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Dec 31, 2004

In a record-length instalment posted on the last day of 2004, what can I do but wish you all good fortune in 2005? Here's to the year of the 75th anniversary of the first known fanzine, The Comet; the centennial of Jules Verne's death; and the second Worldcon to be referred to in hushed, superstitious tones as The Scottish Convention....

Roger Levy, UK dentist and author of the sf novels Reckless Sleep and Dark Heavens, was the second of six victims of a lunatic's North London stabbing spree on 23 December. He was reported as stable in hospital after the attack. This unhappy news first emerged via Erik Arthur of Fantasy Centre, who actually had an appointment at the Levy dental surgery in Wood Green that day, and was told the alarming reason for its cancellation. Best wishes for our man's speedy recovery.

As Others See Us. 'I knew he was a science fiction nut because all the books he checked out were about the planet Romulac.' (Librarian in 1970s sitcom The Love Boat) How many telltale books about Romulac do you own? Be honest, now.

Arthur C. Clarke issued a statement following the horrific tsunami disasters in South and Southeast Asia: 'I am enormously relieved that my family and household have escaped the ravages of the sea that suddenly invaded most parts of coastal Sri Lanka, leaving a trail of destruction.' More at the Clarke Foundation website.

Publishers & Sinners. Amazing Stories magazine is taking a mysterious break from publishing: not closing down, insists new editor Jeff Berkwits, but 'going on hiatus' after the January issue, as a result of its being (in his own words) 'unexpectedly successful'. (Sci Fi Wire)

Jack Chalker went into hospital on 6 December and was diagnosed with congestive heart failure. Surgery followed. His son Steven is posting reports on line, and on 31 December announced that Jack is being moved from hospital: 'The doctors expect him to be out of the nursing home in several months, and his car is being sold. [...] I know that Dad's book [in progress], Chameleon, will not be published, however that could be proved wrong. We are also moving to a one-story house with no stairs for Jack's comfort. So, just a summary: He is permanently disabled but not fully retired. However I think Chameleon might be cancelled and his latest book published will be his last published.' Let's hope for better news to follow.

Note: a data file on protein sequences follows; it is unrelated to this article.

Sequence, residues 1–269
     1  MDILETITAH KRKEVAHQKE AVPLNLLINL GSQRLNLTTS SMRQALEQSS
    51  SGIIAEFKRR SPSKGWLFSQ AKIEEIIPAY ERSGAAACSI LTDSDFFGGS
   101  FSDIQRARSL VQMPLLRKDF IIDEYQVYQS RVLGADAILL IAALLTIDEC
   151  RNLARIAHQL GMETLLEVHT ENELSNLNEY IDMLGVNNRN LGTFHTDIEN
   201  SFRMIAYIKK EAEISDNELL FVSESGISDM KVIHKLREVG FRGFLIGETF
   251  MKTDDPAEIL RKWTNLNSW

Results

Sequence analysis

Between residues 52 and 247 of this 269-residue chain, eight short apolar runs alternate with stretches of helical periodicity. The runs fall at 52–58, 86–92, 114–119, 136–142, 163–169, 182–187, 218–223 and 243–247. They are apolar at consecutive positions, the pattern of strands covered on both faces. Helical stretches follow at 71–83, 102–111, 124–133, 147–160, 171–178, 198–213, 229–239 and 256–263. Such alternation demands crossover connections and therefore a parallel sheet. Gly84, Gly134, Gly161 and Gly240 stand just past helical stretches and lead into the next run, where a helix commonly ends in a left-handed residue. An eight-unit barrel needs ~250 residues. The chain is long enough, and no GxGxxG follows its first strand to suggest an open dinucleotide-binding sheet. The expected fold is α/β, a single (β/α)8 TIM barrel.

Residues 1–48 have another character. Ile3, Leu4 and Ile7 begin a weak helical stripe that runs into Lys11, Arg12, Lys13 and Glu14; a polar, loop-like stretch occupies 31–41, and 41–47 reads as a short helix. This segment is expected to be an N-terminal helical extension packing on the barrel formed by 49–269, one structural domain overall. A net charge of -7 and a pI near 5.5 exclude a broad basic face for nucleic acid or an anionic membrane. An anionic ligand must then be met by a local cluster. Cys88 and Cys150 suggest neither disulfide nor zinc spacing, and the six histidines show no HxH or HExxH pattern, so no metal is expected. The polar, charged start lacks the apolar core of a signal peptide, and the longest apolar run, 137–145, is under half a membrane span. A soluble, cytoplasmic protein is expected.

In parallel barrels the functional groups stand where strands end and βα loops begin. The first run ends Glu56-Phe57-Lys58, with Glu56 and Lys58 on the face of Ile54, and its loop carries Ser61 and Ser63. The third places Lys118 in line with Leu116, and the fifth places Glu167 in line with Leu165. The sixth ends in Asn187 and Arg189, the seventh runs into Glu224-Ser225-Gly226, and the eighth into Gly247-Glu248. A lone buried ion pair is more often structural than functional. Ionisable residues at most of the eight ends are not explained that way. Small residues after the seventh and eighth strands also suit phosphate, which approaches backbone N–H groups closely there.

Chaz Brenchley answered The Bookseller's appeal for reports of people in the book trade who'd been arrested while going about their lawful business. His own encounter was a near miss: 'I was walking home, when a large stranger loomed up beside me and said hello. "You write books," he told me. I admitted that this was true. "I know you do," he said, "I used to follow you around." At last, I thought, my very own celebrity stalker. "I'm a bouncer now," he said, "but I used to be a store detective at Blackwell's. You were just the type we were trained to keep an eye on. Cap, shades, long overcoat, you couldn't look more suspicious. You used to come in every day and you never bought a book. I couldn't catch you at it, but I just knew you were pinching. In the end I got my manager to look at you on the CCTV. 'Oh, no,' he told me. 'That's not a shoplifter. That's an author.'"' (26 November)

R.I.P. Jerry Orbach (1935-2004), US actor whose best-known genre role was as the voice of a singing candelabrum in Disney's Beauty and the Beast (1991), died on 28 December aged 69. Thomas Scott Winnett (1962-2004), Locus staff member and reviewer, died on 12 December; he was 42. (SFWA obituary)

Peter Crowther of PS Publishing receives a surprise namecheck in Alan Hollinghurst's (Booker Prize-winning) novel The Line of Beauty -- reports Lisa Tuttle, who was disconcerted by the first line: 'Peter Crowther's book on the election was already in the shops.' Further down the page: 'He had met Peter Crowther once, and heard him described as a hack and also as a "mordant analyst": his faint smile, as he flicked through the pages, concealed his uncertainty as to which account was nearer the truth.' Perhaps Mr Crowther will let us know.

Fountain Award. The Speculative Literature Foundation invites magazine and anthology editors to nominate stories published in 2004 for this $1,000 juried award. Deadline 1 February; further details here.

Thog's Masterclass. Dept of Repair, or Impalement. 'Binabik fixed Simon with his brows.' (Tad Williams, Stone of Farewell, 1990) Your editor remembers that Wizard Longbrows in Zu: Warriors of the Magic Mountain can actually do this.


He Do the Time Police in Different VoicesDavid Langford is an author and a gentleman. His newsletter, Ansible, is the essential SF-insider sourcebook of wit and incongruity. His most recent books are Different Kinds of Darkness, a new short-story collection of horror, SF, and fantasy, Up Through an Empty House of Stars: Reviews and Essays 1980-2002, 100 pieces of Langfordian genre commentary, and He Do the Time Police in Different Voices, a short-story collection that brings together all of Dave's SF parodies and pastiches. (This is a scary thought. Are you ready to laugh that hard?)

Dave lives in Reading, England with his wife Hazel, 25,000 books, and a couple of dozen Hugo awards. He continues to add books and Hugos.

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